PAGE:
They are taking over. In the last couple of weeks, we have gone from seeing the first arrivals to the nearly constant hum of their increasing presence. Shells cling to trees and walls and expired insects litter the sidewalks. Once I saw a man late at night collecting them from his lawn using a lantern and a glass jar. I cannot imagine what he planned to do with them, and I’m not sure I really want to know.
So far, I haven’t found the cicadas annoying, just entertaining, and an unexpected occasion for reminiscing. I remember the last two occurrences of the 17-year cycle. Seventeen years ago we were living in Louisville as Jerry took a promotion with his company and we were starting a new life in a new place. The time before that I was a child spending a good part of the summer at my family’s cabin in the mountains, surrounded by old-growth forest and the sound of cicadas that was nearly deafening. Even though my parents sold that cabin a few years ago, in my memory I can still smell the warm dampness of the forest floor and the honeysuckle that grew at its edges.
Strange, isn’t it, how our memories are so keyed to the senses? A sound or sight or smell can suddenly take us back to another time and place. Many find worship to provide that kind of connection to the past. The texture of a small piece of bread and the taste of juice may call to mind times when you ate grapes right off the vine or bread right out of the oven. The smell of flowers in a vase may remind you of strolling in a garden the day before. The sound of great organ music or a choral anthem may draw you back to another time in this or some other church when God’s presence was nearly tangible and you knew you were loved. A baptism recalls the time of our own baptism, or that of a child or special person in our lives.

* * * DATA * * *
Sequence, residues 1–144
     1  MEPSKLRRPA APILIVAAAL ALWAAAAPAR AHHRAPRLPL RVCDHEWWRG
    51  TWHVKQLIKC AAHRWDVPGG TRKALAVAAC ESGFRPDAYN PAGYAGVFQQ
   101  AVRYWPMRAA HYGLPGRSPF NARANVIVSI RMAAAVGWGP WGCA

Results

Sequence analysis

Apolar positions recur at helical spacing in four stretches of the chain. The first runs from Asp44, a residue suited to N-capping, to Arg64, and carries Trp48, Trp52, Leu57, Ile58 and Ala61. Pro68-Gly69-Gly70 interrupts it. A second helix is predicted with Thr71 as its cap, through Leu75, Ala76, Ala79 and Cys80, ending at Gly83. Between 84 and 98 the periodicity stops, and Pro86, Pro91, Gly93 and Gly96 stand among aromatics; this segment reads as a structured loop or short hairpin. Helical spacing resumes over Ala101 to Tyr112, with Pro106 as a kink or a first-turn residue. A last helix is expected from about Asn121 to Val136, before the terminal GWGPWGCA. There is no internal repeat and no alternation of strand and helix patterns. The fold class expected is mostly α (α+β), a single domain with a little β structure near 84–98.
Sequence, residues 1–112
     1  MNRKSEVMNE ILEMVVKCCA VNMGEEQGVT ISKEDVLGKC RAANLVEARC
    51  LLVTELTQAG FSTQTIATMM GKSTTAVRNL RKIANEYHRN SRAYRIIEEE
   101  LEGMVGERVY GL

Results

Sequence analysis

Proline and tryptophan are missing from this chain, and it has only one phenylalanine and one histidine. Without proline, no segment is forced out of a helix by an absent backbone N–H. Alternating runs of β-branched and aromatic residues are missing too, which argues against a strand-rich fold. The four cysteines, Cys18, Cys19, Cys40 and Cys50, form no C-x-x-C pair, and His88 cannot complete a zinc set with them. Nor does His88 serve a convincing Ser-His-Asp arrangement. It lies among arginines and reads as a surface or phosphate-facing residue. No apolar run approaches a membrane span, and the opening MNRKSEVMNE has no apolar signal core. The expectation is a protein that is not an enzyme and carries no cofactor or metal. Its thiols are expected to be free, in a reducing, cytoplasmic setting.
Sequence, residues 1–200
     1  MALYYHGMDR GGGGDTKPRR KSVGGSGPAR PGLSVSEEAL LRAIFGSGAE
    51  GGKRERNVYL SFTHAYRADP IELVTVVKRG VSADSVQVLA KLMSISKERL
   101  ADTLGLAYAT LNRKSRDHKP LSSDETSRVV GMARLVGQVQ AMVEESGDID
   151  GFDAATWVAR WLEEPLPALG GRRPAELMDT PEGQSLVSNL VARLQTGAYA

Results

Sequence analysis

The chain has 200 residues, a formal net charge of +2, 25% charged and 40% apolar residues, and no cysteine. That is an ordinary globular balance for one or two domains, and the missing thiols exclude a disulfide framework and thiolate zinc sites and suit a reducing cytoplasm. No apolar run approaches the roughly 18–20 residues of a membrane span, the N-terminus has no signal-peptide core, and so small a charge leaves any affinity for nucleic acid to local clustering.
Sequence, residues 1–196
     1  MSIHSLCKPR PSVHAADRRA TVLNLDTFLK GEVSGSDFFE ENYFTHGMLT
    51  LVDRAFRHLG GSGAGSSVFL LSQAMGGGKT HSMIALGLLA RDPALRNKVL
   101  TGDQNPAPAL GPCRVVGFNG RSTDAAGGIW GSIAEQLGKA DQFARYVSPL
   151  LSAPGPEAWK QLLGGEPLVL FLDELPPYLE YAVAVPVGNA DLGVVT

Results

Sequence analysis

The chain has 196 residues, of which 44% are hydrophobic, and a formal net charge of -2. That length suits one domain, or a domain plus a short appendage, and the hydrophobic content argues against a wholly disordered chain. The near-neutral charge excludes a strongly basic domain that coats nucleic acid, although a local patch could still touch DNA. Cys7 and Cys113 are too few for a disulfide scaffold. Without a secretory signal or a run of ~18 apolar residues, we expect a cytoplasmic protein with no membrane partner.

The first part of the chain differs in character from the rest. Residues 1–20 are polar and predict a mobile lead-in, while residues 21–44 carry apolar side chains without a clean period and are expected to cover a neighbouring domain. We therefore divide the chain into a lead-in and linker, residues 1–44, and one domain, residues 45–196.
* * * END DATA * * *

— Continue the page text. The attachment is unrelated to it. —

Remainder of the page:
Worship moves us back and forth, connecting us with generations past, our own past, the current moment, and the future. This church building has now seen nine cycles of cicadas! To think of all that has gone on here in that time is mind boggling.
Even as we love reminiscing, we don’t stay in the past. Who could have imagined all the technological changes we’ve seen since the last cicada arrival seventeen years ago? No one can foresee what the world or our individual lives will be like seventeen years from now. Children we know will be grown; there will be new additions to our families; life-changing events will have occurred.
God’s world keeps turning around us. The seasons come and go; nature breathes new life each spring and goes to sleep in the fall; year follows year. Over all the decades of a human life, amid all the changes, God’s presence remains constant. It is the one thing on which we can rely in an ever-changing world. God calls us to remember the past; God moves us to be alive to the present; God points us to a future full of hope. May the call of the cicada remind us of the quieter call of God which carries us throughout our lives.
© Melissa Bane Sevier, 2008